Suparna Chaudhry and Shubha Kamala Prasad, “How India plans to put 1.3 billion people on a coronavirus lockdown,” Washington Post, March 30, 2020, https://www.washingtonpost.com/politics/2020/03/30/how-india-plans-put-13-billion-people-coronavirus-lockdown/.
 Vijayta Lalwani, “Coronavirus: ‘Why has Modi done this?’ Rajasthan workers walk back home from Gujarat,” Scroll.in, March 26, 2020, https://scroll.in/article/957245/coronavirus-after-lockdown-migrant-workers-take-a-long-walk-home-from-gujarat-to-rajasthan.
 “Causes of Urban Poverty in India,” Habitat for Humanity, https://www.habitatforhumanity.org.uk/blog/2018/08/causes-urban-poverty-india/.
 Dipankar DeSarkar, “Why Indian slums are allowed to grow, and then demolished”, LiveMint, December 18, 2015, https://www.livemint.com/Opinion/QkIgZjo9VO5edqjwqwfuFP/Why-Indian-slums-are-allowed-to-grow-and-then-demolished.html.
 Indranil De, “Slum improvement in India: determinants and approaches,” Housing Studies 32, 7 (2017): 990-1013.
 Arpita Raj, “Study reveals 2,000 slums in Bengaluru, govt lists only 597,” Times of India, July 23, 2018, https://timesofindia.indiatimes.com/city/bengaluru/study-reveals-2000-slums-in-bengaluru-govt-lists-only-597/articleshow/65096665.cms.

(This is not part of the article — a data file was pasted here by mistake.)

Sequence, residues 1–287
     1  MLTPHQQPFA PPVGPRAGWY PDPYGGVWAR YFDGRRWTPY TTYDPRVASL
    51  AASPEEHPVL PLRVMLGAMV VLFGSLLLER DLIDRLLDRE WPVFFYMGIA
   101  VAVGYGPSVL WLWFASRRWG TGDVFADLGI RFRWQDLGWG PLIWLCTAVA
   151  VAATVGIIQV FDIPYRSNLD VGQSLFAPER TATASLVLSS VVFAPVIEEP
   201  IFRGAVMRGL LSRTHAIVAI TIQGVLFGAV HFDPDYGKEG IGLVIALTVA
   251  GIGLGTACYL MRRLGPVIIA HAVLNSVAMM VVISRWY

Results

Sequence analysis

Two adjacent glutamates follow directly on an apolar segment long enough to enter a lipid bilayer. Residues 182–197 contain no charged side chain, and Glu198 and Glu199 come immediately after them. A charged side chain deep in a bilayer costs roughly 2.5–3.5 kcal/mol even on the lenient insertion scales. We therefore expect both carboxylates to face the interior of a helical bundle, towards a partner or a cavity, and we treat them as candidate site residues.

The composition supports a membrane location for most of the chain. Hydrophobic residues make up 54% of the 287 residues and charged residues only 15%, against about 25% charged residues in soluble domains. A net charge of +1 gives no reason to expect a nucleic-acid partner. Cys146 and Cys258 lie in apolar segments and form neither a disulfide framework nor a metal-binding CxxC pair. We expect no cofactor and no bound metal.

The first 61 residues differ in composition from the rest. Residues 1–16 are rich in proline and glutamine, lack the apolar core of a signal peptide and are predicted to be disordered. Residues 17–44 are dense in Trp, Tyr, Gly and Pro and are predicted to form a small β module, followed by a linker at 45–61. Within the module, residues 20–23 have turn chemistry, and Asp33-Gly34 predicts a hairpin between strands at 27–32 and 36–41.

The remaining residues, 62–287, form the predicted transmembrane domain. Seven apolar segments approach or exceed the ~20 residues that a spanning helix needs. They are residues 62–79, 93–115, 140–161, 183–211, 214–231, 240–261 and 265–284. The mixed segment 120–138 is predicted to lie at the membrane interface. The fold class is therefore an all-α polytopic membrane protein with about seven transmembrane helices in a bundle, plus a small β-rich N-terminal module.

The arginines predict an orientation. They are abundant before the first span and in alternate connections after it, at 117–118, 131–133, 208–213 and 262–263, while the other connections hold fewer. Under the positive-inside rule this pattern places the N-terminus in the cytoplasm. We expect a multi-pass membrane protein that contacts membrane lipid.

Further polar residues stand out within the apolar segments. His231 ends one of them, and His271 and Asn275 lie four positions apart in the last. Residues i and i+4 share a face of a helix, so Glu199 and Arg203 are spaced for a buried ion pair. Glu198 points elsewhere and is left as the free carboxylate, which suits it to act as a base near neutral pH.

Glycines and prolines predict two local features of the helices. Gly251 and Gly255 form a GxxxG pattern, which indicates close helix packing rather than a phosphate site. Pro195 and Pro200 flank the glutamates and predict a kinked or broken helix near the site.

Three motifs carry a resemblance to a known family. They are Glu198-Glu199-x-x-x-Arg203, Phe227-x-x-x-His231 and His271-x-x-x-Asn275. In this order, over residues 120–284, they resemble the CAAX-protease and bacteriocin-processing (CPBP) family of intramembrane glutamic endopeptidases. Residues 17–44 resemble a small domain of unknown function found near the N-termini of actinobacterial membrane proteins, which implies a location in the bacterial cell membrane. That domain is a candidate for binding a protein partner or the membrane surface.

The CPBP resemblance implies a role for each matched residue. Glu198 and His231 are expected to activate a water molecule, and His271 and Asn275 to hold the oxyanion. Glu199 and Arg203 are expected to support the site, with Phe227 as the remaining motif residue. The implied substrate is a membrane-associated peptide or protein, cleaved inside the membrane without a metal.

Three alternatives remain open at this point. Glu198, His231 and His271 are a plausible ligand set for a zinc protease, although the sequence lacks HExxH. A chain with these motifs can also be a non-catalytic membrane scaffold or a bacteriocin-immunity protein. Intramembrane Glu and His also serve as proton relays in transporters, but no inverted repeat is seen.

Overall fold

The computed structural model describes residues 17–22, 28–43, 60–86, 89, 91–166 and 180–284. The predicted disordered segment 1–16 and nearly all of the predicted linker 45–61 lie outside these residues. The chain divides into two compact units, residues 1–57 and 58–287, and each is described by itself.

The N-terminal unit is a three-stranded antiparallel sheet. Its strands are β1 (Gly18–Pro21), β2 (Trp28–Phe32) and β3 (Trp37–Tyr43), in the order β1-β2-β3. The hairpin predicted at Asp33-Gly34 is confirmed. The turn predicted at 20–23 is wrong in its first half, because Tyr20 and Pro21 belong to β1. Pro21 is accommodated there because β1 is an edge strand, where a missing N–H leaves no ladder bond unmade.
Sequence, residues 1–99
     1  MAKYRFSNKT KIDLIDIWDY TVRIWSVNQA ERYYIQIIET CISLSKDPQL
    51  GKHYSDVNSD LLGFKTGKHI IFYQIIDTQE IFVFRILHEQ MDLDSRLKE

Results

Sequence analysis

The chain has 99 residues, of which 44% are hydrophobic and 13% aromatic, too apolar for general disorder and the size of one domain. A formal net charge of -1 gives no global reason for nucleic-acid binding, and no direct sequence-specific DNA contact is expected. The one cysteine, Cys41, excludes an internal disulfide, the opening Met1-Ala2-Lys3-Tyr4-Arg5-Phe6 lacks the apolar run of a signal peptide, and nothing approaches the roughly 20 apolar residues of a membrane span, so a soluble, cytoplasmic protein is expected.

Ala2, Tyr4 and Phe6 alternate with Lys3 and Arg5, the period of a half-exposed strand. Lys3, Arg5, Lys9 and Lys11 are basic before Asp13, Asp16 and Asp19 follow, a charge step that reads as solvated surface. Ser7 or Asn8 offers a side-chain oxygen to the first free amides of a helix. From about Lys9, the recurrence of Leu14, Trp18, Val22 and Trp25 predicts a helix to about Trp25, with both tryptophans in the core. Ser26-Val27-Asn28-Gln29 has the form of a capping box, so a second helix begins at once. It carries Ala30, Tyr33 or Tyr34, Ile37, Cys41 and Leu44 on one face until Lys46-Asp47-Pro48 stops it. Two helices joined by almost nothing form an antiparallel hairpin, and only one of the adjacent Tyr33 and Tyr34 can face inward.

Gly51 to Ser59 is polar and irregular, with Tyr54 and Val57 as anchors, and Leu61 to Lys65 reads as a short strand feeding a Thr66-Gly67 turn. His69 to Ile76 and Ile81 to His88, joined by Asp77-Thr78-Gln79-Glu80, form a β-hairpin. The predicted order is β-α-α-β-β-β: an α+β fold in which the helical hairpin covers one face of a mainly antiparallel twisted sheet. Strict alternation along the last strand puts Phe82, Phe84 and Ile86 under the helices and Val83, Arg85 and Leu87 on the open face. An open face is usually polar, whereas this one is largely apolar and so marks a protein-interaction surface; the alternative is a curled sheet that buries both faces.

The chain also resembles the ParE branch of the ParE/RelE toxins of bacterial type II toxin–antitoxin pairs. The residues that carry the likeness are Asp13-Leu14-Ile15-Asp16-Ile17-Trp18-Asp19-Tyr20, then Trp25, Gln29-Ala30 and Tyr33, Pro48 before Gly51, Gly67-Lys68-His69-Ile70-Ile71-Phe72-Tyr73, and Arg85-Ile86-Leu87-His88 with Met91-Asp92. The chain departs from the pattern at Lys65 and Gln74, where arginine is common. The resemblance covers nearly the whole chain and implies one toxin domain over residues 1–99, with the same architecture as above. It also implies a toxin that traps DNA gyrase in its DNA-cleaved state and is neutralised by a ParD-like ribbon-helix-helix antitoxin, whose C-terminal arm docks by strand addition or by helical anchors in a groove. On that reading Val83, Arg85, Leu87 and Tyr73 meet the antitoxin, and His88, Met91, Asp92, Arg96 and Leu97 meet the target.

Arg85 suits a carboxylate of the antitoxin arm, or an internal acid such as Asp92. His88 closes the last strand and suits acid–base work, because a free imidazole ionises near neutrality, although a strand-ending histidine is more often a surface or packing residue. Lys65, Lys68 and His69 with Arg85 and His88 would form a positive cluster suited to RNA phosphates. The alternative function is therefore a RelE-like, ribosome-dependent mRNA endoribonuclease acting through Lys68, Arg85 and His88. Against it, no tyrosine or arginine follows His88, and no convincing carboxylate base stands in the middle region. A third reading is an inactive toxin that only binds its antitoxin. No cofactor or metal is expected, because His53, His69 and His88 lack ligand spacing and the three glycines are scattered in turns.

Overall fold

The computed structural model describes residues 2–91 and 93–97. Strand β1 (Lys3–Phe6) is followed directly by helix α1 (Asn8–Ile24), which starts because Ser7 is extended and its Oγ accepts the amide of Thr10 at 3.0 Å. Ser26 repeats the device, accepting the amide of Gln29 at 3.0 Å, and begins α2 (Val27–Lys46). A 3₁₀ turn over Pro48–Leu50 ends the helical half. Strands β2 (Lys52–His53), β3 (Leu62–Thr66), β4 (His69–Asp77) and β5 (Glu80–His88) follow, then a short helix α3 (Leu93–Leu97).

“India’ s poorest ‘fear hunger may kill us before coronavirus,’ ” BBC, March 25, 2020, https://www.bbc.com/news/world-asia-india-52002734.
 “Police struggle to enforce India’ s sweeping virus lockdown,” PBS, March 25, 2020, https://www.pbs.org/newshour/world/police-struggle-to-enforce-indias-sweeping-virus-lockdown.
 “NGOs, volunteers reach out to feed Bengaluru's hungry,” Times of India, April 1, 2020, https://timesofindia.indiatimes.com/city/bengaluru/ngos-volunteers-reach-out-to-feed-citys-hungry/articleshow/74920891.cms.
 The information included here was collected during the shutdown via telephone and text-based interviews with coordinators of the Mercy Mission coalition.
 Shemin Joy, “From food to hygiene kits, here is how NGOs are helping the poor fight against COVID-19,” Deccan Herald, March 27, 2020, https://www.deccanherald.com/national/north-and-central/from-food-to-hy….
 Scott Benario, “That Discomfort You’re Feeling Is Grief,” Harvard Business Review, March 23, 2020, https://hbr.org/2020/03/that-discomfort-youre-feeling-is-grief?fbclid=IwAR0PZFOsOOKrBipthBYfrQadjqFk7WgeMm7CcNgVic1q3kGxm9V5ZmGheOA.